Schneider legit gigs his second 'Act'

NEW YORK — F. Scott Fitzgerald obviously wasn’t thinking of Peter Schneider when he wrote that there are no second acts in America.

After leaving his Disney prexy job in 2001, Schneider has refashioned himself as a legit director. Last year, he helmed the musical “Grand Hotel” at L.A. Colony Theater. Among his upcoming projects is the musical version of “Sister Act,” which he will helm and co-produce.

“Sister Act” is being written by composer Alan Menken, lyricist Glenn Slater and book writers Cheri and Bill Steinkeller. In a switch for Disney, the studio is licensing one of its hit movies instead of producing. (“High Fidelity” is the only previous example of a Disney legit license.) Those duties go to Schneider, Michael Reno and Albert Poland.

The “Sister Act” tuner is currently under consideration for an October 2006 slot at the Pasadena Playhouse, with Schneider at the helm. Sometime thereafter, Broadway looms.

Project is a reunion of sorts for Menken and Schneider, who was president of animation at Disney when “Beauty and the Beast” first unspooled onscreen. Later, Schneider became co-president of Disney Theatricals with Thomas Schumacher, and together the duo brought musicals “The Lion King” and “Aida” to the stage.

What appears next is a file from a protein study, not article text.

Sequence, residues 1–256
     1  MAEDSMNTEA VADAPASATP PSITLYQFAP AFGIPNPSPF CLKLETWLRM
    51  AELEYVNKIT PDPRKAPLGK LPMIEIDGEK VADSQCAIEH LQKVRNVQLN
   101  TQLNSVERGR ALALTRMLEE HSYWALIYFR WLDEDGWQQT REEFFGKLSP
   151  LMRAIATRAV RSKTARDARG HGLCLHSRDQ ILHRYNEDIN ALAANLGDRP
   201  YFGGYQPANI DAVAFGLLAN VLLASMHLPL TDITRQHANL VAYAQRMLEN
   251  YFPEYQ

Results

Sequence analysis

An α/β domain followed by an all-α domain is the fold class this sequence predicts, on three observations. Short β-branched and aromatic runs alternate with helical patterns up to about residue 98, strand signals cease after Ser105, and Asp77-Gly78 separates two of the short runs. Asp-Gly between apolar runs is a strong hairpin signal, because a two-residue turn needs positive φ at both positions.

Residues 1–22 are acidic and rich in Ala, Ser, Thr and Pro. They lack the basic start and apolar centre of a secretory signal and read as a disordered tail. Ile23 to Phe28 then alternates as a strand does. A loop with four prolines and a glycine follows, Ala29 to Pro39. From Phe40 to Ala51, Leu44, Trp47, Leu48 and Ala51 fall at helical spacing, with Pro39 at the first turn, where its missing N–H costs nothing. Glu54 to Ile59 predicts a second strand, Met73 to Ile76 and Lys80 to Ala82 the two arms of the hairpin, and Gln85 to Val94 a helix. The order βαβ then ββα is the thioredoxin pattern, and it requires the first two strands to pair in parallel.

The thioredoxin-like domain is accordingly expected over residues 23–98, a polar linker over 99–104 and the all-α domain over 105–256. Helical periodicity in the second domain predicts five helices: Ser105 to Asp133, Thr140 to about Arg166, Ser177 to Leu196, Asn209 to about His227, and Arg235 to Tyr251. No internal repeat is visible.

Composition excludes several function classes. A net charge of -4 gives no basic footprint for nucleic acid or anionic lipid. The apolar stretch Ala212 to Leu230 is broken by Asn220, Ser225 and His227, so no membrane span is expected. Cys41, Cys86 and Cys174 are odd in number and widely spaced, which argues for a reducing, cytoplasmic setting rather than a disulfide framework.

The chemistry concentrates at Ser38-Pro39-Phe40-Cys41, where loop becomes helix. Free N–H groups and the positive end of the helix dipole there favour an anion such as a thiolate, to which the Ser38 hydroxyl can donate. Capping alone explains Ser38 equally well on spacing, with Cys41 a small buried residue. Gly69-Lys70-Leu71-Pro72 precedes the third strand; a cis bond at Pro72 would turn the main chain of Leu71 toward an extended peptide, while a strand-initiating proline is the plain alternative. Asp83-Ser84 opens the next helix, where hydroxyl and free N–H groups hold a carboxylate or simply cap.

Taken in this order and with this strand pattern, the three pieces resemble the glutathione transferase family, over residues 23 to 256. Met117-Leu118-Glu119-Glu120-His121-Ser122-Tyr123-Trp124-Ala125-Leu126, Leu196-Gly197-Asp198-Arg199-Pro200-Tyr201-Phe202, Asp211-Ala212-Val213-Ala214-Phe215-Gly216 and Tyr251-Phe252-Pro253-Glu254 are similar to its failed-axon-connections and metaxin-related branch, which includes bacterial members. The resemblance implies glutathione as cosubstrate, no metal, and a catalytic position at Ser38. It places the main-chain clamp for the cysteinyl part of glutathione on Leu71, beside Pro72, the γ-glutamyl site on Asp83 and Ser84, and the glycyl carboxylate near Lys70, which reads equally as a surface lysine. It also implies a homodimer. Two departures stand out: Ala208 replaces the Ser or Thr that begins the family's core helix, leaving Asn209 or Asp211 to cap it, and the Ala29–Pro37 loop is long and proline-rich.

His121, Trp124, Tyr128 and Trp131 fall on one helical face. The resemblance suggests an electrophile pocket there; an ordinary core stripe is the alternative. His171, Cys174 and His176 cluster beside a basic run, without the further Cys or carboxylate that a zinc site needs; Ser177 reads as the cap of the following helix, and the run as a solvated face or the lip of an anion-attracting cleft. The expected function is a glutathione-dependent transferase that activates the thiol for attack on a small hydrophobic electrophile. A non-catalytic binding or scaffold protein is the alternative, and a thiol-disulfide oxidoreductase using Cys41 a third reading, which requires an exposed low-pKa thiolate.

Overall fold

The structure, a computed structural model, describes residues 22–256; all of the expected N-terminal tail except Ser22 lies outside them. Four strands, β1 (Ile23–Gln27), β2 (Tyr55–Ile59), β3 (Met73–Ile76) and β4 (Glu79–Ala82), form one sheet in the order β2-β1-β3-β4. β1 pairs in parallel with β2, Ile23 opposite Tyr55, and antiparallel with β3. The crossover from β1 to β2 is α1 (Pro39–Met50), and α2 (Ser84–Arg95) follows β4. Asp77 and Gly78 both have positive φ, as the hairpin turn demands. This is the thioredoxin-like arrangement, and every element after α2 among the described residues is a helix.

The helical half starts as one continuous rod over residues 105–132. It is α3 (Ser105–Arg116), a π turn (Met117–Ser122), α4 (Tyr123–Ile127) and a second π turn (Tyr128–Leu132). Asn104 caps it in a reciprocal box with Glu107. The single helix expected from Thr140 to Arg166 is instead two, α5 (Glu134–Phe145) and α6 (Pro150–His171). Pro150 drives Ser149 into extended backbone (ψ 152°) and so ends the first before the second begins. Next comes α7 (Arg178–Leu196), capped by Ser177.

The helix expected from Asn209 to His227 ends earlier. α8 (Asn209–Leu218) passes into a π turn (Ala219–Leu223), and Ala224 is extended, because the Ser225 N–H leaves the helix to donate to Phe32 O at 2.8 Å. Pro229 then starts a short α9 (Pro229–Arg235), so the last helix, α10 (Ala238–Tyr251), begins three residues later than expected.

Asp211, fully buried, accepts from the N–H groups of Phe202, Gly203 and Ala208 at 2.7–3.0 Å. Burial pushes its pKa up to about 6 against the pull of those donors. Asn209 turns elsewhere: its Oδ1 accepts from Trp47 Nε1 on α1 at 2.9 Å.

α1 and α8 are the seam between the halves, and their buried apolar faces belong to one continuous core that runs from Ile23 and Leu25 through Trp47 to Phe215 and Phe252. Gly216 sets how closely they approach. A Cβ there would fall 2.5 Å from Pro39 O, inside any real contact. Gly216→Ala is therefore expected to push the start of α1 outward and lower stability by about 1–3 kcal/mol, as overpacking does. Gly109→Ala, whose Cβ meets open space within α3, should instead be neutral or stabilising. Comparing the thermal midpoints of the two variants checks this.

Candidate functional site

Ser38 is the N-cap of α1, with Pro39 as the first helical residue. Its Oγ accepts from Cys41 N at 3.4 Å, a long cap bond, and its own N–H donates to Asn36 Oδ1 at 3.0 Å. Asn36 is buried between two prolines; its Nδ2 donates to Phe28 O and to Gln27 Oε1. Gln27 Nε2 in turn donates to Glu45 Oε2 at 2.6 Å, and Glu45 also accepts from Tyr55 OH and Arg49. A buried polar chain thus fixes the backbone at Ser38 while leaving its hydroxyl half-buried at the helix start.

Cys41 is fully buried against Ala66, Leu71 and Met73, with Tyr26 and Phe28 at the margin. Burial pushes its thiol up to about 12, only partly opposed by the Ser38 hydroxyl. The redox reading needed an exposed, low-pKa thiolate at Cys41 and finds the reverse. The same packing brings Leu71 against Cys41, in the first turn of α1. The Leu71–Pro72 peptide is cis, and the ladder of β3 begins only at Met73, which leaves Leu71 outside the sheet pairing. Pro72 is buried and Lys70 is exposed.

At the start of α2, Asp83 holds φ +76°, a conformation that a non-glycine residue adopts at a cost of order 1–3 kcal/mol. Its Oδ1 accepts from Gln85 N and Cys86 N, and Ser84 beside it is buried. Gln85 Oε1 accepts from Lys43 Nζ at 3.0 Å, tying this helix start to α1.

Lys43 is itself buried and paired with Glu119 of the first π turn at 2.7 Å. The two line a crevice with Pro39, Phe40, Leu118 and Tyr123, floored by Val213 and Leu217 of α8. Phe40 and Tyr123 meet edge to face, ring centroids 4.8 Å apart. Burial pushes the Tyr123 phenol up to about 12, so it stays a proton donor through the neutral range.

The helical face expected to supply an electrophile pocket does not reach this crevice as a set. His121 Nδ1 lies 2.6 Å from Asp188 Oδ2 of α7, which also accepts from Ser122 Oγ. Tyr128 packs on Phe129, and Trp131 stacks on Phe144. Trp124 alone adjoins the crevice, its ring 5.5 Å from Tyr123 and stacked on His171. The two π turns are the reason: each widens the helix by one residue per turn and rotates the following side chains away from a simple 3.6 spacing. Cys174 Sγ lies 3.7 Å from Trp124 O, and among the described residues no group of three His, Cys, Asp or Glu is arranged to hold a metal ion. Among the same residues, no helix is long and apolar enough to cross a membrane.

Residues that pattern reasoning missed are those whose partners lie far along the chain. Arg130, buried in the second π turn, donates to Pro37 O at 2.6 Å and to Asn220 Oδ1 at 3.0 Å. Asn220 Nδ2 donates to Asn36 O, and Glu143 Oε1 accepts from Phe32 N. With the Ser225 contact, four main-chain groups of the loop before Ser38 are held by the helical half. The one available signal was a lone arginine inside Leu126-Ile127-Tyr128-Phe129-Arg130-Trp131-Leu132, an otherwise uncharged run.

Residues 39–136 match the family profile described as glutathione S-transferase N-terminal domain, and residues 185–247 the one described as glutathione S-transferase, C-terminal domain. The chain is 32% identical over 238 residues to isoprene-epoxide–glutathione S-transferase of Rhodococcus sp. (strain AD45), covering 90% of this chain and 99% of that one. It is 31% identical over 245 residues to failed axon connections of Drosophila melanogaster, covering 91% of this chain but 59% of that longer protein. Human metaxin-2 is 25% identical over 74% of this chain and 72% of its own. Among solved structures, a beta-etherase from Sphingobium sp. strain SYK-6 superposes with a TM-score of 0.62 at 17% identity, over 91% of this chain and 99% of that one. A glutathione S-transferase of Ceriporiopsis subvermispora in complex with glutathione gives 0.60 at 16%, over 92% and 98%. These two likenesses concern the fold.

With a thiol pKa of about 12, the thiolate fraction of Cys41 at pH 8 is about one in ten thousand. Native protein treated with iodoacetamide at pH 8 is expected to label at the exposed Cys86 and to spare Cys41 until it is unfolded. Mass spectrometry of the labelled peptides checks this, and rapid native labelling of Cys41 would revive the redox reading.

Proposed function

Regarding his switch to directing, Schneider remarked: “My desire was to get closer to the artistic process rather than further away from it. Disney was a terrific experience, but as you go further up in the hierarchy, you become less involved in the creative process, and I found that less satisfying.”

Next week, he begins rehearsals on a revival of Marc Blitzstein’s 1949 opera “Regina,” based on Lillian Hellman’s “The Little Foxes,” at Bard College. He has commissioned Valerie Martin to adapt “Property,” her 2002 novel about slavery, into a stage play, which he will workshop in spring 2006.

Stages of life

Directing for the theater actually brings Schneider back to his first career. In the 1970s, he worked as a helmer and assistant stage manager at such small nonprofit theaters as Playwrights Horizons, WPA and Circle Rep. While there, he met Susana Meyer, who’s now the opera producer at Bard’s Summerscape Festival. She offered him the Blitzstein project, which will be performed July 29-Aug. 6 with Lauren Flanigan in the title role.

If “Sister Act” is the biggest project on Schneider’s plate, then “Regina” is his grandest departure. “I’ve never directed an opera, and I am truly fearful with excitement,” he said. “I don’t worry about the success of these things. I worry about the doing of them.”

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